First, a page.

The dark side of internet policy: How flawed policy can lead to censorship, surveillance, and shutdowns

20 Dec 2017 10:45h - 12:15h

Event report

[Read more session reports and live updates from the 12th Internet Governance Forum]

The dark side of Internet policy exists and is reflected in cases of abuse of freedom of speech laws, governmental pressure, blocking, and manipulation. The moderator of this session, Mr Dominic Bellone, Senior Program Officer at Counterpart International, explained that the panel would tackle these issues with special focus on  women’s freedom of expression and regional perspectives.

Zimbabwe experienced a regime change recently, yet according to Mr Earnest Mudzengi, Executive Director at Media Centre, the old system of online oppression remains. Systemic suppression of freedom of expression is executed through the law on cybersecurity and cybercrime, free market policies oriented towards business rather than citizens, lack of citizen participation, and governmental use of threats. The constitution guarantees freedom of media, speech, and access to information, yet the implementation is problematic. People are labelled as a threat to security even after acts such as commenting on prices of goods via WhatsApp.

Mr Andrii Paziuk, Associate Professor at the Institute of International Relations, Taras Shevchenko National University of Kyiv, explained the division in Ukrainian society where people are either citizens or patriots, and they have to choose between national security and democracy. In times of conflict, democratic mechanisms disappear and there is increased surveillance. The judiciary works behind closed doors and without public consultation. Mr Vitaliy Moroz, Director of New Media Development, Internews-Ukraine, agreed and added that there is no proper regulation of telecoms because the government sees the Internet from a security perspective. He sees the approach of the government as ambivalent, as it wants to block Russian companies online, and steps on human rights at the same time. ‘To fight Russia, they use Russian methods,’ Moroz said, assuming an unlimited function to block content.

From the South Asia perspective, Mr Nalaka Gunawardene, journalist and development communication specialist, commented that the consequence of long-lasting conflict on the Internet is an authoritarian government. In Sri Lanka there is a ‘suspected deep state that even civilian politicians seem unable to regulate,’ he added. Although convergence is happening, remaining nationalism affects the entirety of Internet governance. Hate speech, low digital literacy, and lack of rule of law remain problematic.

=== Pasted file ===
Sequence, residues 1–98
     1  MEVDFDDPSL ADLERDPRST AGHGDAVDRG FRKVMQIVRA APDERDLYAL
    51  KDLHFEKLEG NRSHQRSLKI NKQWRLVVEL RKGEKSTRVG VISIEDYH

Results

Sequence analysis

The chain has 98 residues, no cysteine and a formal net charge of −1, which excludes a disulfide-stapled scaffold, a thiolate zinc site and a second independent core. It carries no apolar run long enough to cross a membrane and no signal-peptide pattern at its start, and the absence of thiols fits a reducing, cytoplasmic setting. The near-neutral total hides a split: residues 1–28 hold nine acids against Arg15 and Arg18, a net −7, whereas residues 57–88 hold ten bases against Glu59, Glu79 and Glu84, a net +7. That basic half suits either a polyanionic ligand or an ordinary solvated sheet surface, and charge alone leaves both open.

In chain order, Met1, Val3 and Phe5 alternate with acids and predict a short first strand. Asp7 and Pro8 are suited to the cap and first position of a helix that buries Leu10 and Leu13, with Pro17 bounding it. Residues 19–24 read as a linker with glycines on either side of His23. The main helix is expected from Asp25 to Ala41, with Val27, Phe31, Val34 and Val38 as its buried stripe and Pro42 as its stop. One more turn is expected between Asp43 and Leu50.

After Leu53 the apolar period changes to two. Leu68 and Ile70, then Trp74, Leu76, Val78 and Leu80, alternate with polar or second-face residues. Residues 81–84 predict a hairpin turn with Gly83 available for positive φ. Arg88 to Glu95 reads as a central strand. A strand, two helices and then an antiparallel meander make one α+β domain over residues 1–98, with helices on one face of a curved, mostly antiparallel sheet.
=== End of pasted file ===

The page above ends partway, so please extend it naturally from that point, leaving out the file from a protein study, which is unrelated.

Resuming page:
Ms Sachini Perera, a feminist activist currently based in Malaysia, stressed that as in the offline world, structural inequalities exist in the online world. National security and public morality perspectives limit free speech. Women’s identities are framed and attacked on a gender or sexual basis. Perera added that authorities do not differentiate between consensual and non-consensual expression online, but choose which policies suit them at a given time. Existing laws on gender violence online are not appropriate.

Ms Iria Puyosa, a researcher and consultant from Ecuador, raised similar issues, saying that in Venezuela, which has no history of hate speech, ill-defined laws are passed and focus on expressions against the government. People are penalised and jailed for criticising the ruling party. Puyosa mentioned the new trend of political control through technology. A fingerprint database for electronic voting is now combined with the welfare system. The database includes more than 80% of the population, which can be put under pressure during elections and in regard to access to welfare services.

Mr Guy Berger, Director of the Division for Freedom of Expression and Media Development at UNESCO, asked to what extent policies with good intentions may have unintended negative effects. Berger called for better implementation of UNESCO’s Internet Universality indicators (rights, openness, accessibility, and multistakeholder participation: R-O-A-M). According to him, balancing rights, accountability, openness, and actors is the key. When choosing strategies to combat violent extremism online, governments can choose to block content or to leave it in place in order to survey it. R-O-A-M can help in evaluating the impact of each approach.

By Jana Mišić